The site of the Stronelairg windfarm. Photo: Kevin Lelland

The site of the Stronelairg windfarm. Photo: Kevin Lelland

A conservation charity has called for reform of the planning process after it had to pay £50,000 to an energy company.

The John Muir Trust said the final settlement with Scottish and Southern Energy brings to an end its campaign against the Stronelairg windfarm development in the Highlands.

The trust was forced to pay the sum in legal costs after it lost a legal appeal. SSE originally pursued the charity for £350,000 but the lesser sum was agreed between the two parties. The John Muir Trust has also had to pay £75,000 to the Scottish Government over the case.

JMT head of policy Helen McDade said: “The trust took this legal case because the Stronelairg development will destroy a large area of wild land.

“We believed that the consent of a massive windfarm in the Monadhliath Mountains was the result of a defective planning process. The trust won the initial judicial review with the judge stating that the case was taken in the public interest. Losing the case at appeal more than doubled the trust’s potential liability and prevented us from continued action.

“This case has highlighted in planning and legal circles the urgent need for planning reform.

“Two weeks ago SSE were pursuing the Trust for costs of £350,000, which would have been devastating for any environmental organisation and a deterrent for anyone that might consider seeking environmental justice in the future.

“Naturally the John Muir Trust is relieved to have negotiated to reach a much reduced settlement. The generosity of more than a thousand supporters means that the trust could take this important case on behalf of people and nature. Undeterred, we will continue to stand up for wild places, while working towards a sustainable future.”

The energy company said: “SSE has accepted an out of court settlement, with the John Muir Trust, of £50,000 in relation to the expenses it incurred in the judicial review of the consent decision for Stronelairg windfarm, and sees this as an appropriate and reasonable conclusion to this matter.

“SSE is passing on the full amount of this settlement to Visit Inverness Loch Ness, which is a not-for-profit organisation in the Great Glen. The funds will be used to contribute towards the South Loch Ness Trail, which is a project to complete a walking and cycling trail round the whole of Loch Ness.

“SSE is proud to have already played a part in the construction of this trail, and hopes that this contribution will help achieve its completion and allow the benefits to be enjoyed by both locals and visitors to the area.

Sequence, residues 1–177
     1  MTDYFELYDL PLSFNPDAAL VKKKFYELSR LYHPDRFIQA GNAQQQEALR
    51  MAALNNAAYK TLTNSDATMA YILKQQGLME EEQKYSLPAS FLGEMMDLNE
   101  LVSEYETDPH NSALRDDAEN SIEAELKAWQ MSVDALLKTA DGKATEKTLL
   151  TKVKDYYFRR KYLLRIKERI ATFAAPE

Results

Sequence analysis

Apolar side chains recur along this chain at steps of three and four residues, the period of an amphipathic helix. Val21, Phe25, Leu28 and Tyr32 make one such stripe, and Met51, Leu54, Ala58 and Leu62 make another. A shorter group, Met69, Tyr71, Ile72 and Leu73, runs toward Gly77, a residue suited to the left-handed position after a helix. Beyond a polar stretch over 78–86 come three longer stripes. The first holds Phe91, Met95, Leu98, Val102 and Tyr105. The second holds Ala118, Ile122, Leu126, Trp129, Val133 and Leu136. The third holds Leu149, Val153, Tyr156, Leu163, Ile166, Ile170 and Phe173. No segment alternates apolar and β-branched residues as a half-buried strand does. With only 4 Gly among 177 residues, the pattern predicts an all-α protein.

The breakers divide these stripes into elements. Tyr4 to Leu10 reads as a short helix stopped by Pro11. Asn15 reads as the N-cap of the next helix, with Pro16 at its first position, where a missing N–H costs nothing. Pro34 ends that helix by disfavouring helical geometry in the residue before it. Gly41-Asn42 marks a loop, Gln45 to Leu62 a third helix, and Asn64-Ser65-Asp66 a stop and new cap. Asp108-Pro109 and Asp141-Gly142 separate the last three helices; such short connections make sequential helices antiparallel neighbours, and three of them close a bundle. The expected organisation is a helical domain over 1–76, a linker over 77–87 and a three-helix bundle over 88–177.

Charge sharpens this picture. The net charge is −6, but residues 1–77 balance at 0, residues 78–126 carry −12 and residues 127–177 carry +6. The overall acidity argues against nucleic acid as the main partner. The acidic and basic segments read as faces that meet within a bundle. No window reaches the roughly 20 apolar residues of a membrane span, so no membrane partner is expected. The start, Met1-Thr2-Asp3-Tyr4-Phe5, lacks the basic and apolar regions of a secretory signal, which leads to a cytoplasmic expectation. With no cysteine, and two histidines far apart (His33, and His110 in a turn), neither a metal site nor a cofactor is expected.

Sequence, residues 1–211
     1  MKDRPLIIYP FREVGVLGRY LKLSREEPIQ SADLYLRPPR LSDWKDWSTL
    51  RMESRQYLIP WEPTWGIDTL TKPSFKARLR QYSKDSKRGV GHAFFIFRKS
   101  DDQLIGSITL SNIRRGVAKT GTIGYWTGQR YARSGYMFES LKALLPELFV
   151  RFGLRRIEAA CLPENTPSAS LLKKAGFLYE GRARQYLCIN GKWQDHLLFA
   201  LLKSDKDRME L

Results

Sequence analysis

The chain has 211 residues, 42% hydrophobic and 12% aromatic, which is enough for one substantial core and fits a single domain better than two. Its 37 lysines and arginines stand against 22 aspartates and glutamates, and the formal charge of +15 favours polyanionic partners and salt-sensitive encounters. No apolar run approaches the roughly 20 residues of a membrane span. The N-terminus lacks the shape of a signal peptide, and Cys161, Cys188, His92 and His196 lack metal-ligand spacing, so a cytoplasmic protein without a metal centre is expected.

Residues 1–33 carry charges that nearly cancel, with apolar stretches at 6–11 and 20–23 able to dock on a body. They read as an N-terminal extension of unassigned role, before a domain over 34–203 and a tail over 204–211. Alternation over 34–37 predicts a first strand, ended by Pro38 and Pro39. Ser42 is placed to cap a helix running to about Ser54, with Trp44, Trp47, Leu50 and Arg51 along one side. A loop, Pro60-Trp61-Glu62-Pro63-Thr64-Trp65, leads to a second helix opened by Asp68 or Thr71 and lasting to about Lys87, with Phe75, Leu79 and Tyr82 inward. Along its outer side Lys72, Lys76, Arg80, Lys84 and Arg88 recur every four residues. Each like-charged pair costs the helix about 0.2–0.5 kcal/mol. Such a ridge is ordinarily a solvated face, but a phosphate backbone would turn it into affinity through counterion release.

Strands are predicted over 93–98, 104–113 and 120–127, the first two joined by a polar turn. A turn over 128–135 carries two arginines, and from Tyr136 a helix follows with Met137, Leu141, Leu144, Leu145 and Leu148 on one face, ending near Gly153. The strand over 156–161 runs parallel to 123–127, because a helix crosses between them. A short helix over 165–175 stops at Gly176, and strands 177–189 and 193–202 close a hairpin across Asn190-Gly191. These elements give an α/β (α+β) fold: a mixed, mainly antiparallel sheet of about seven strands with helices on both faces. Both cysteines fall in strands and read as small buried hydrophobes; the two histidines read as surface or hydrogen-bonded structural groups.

“SSE is committed to being a sustainable company, helping to achieve environmental, social and economic wellbeing for current and future generations. This includes the appropriate development and delivery of renewable energy projects as an environmentally positive way of meeting people’s energy needs and addressing the key issue of climate change.

“The Stronelairg project was designed in keeping with this ethos. Following statutory requirements it was democratically approved by the Highland Council planning committee, was not objected to by the local ward councillors hosting the development, and was granted consent from Scottish Ministers in 2014.

“Construction work is progressing well on the project, which is sensitive to environmental considerations and will continue to bring important employment, supply chain and sustainability benefits to the communities around the project. This includes community funds established by SSE with a total value of £28.5m over 25 years. The contribution to Visit Inverness Loch Ness is in addition to these community funds.”

Paul Cooley, SSE director of generation development, said: “We are pleased to reach a reasonable conclusion with the John Muir Trust on the issue of expenses for the judicial review process.

“We are also happy to be able to gift those funds to the excellent South Loch Ness Trail project which will allow many members of the local community and tourists alike to enjoy all the Loch has to offer for years to come.”

Graeme Ambrose, chief executive of Visit Inverness Loch Ness, said: “We are absolutely delighted that SSE has chosen to pass on this £50,000 to Visit Inverness Loch Ness.

“The South Loch Ness Trail was established in 2011 and has progressed with the support of SSE, public agencies and local community groups. The completion of the final section above Fort Augustus has remained elusive but we are confident this contribution from SSE will ensure that it happens very soon.

“This transformational trail will then link up with the Great Glen Way and create a ‘360 degree’ long-distance trail around Loch Ness.”

A JMT spokesperson said: “Looking ahead, we see several challenges emerging, especially in the far North of Scotland. These include the Caplich windfarm, near Assynt, which goes to public local inquiry in June and the re-submitted Limekiln windfarm, in west Caithness, which is likely to go to inquiry.

“Our campaign will focus on obtaining expert advice, attending public local inquiries, and delivering reports and consultation responses to influence government policies.

“The trust believes in a more positive vision for this remote and beautiful area, and is actively supporting the campaign for world heritage status for the Caithness and Sutherland Flow Country peatlands.”

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